Pratap was unwell for nearly a year during his ninth standard. He could scarcely go to school one whole year, and his teachers were worried about whether he would pass his 10th standard exams. They need not have worried at all; Today, his teachers were overjoyed to learn that he had scored 299 marks. Pratap himself was quite positive that he would get through. He is also literally positive. HIV positive.

He and four of his classmates, all of them, again HIV positive, from ‘Ananda Illam’ a home for children infected and affected by HIV, have sailed through their 10th standard exams, despite having a rather difficult childhood. “All these children are ‘AIDS orphans;’ meaning their parents died of AIDS complications. They have been displaced out of their homes, and moved from home to home (relatives) before they landed up here,” says P. Manorama, founder Community Health Education Society (CHES).

Project Ananda Illam is one of the initiatives taken up by CHES to cater to the needs of orphans of AIDS. It takes into its fold children who have lost their parents to the condition, and whose relatives find it difficult to take care of their needs. “This is a big achievement for these kids. While they are now happy in the home, they have been through an ugly lot of circumstances,” Dr. Manorama says.

The children go to the Government School near Periapalayam, and even as they come to the home, they are trained at an in-house school before being sent to the mainstream. “Most children drop off from school, either because they were ill, or their relatives did not send them to school. A break in their schooling years is almost common; some of them are lucky to come here early; not all of them do,” she explains.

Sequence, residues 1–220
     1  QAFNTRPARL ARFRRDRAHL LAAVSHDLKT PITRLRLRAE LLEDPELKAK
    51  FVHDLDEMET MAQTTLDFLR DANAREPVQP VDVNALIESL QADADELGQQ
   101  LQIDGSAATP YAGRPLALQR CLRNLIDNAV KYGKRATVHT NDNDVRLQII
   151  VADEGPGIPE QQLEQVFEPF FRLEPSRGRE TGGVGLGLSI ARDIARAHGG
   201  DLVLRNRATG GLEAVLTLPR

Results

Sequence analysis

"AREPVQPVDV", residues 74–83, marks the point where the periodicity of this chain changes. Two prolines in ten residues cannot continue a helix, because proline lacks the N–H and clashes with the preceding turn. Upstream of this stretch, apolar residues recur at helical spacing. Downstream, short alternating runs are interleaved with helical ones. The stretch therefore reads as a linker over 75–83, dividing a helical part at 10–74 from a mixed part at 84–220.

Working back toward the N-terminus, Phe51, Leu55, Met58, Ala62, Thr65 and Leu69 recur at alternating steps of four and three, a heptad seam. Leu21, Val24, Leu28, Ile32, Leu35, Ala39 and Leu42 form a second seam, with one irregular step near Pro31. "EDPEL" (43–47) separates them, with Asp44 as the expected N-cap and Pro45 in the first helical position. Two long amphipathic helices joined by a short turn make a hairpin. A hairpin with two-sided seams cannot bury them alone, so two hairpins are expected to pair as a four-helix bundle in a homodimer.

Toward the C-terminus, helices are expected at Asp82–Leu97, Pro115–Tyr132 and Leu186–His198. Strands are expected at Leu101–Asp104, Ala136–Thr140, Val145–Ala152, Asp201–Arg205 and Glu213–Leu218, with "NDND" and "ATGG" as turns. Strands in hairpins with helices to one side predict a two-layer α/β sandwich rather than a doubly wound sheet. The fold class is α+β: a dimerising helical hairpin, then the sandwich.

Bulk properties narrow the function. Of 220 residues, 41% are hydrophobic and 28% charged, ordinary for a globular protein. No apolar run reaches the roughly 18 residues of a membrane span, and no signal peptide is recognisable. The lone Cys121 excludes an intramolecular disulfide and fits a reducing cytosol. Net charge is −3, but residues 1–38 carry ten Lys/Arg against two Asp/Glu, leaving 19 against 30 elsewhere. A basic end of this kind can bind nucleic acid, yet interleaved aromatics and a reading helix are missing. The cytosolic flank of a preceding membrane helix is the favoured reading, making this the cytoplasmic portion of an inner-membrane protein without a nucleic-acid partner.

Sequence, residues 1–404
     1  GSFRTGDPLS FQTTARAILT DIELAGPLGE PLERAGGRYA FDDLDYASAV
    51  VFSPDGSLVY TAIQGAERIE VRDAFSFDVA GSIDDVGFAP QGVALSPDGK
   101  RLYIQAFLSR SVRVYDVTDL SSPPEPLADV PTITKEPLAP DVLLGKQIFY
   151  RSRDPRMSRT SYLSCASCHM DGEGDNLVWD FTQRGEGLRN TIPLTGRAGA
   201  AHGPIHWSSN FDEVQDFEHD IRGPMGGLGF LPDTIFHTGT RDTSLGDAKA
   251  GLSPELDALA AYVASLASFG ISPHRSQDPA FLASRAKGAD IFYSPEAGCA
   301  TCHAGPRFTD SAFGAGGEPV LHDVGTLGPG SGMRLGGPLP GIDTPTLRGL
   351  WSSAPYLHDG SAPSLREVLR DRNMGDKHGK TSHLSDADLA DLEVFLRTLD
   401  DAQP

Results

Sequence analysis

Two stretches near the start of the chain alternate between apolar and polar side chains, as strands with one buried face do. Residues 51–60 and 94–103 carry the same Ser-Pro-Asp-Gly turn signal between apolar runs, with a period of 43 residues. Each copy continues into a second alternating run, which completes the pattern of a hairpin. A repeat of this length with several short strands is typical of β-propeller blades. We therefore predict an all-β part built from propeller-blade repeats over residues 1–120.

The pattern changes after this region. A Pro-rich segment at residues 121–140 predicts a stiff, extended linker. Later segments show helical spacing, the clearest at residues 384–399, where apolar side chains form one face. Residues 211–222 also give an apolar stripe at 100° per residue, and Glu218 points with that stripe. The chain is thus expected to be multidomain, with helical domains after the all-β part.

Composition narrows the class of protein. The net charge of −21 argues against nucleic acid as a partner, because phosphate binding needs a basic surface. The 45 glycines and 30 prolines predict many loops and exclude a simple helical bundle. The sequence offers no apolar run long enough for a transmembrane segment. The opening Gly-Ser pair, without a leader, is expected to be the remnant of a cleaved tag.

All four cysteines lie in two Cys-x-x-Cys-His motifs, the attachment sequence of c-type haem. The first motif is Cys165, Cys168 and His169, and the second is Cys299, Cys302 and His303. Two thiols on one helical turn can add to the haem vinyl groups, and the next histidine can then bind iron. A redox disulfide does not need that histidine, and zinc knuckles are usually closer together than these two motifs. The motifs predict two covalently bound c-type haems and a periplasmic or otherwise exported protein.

If you ask sprightly little Sankari what her study schedule for the 10th exam was, she will rattle off: “We would come back from school, do group study for about one and a half hours, then we will eat, take our pills [anti retrovirals] and go to sleep. So does the group of five children in the home work with each other? “We’ll clarify our doubts with the tuition teachers and help each other.” In the exam hall? “No, no, aunty! Not in the exam hall!” she says giggling away.

She originally wanted to be a doctor, but now, it’s a ‘bank manager,’ Sankari says. “I changed my goal, since they told me that my marks were not good enough for medicine.” Her three elder sisters are her links to a family that was as happy as it was big. Her friend Kani, though has not been that fortunate: she not only lost her parents, but also her brother. She’s now excited about her marks: 255. “I’m going to take the Maths group. We’ll see from there on,” she says.

Her friend Anna, who scored 298 in the 10th exam, is clear what she wants to do: “Be a music director. Yeah. You know, I’ve already composed music for my dad’s video? We are waiting for it to be released.” Guru has scored the highest among the five kids, at 320 marks. He is a first generation learner in his family, and he thinks had his folks been alive, they would have been really proud.

“No doubt they will be proud. It is an accomplishment, in the full sense of the term, after what these kids have gone through. Some years ago, this would have been nearly impossible. The big game changer has been anti retroviral treatment – they have helped the children live normal lives, play, study, go to school, and dream for the future.” (Names of students have been changed)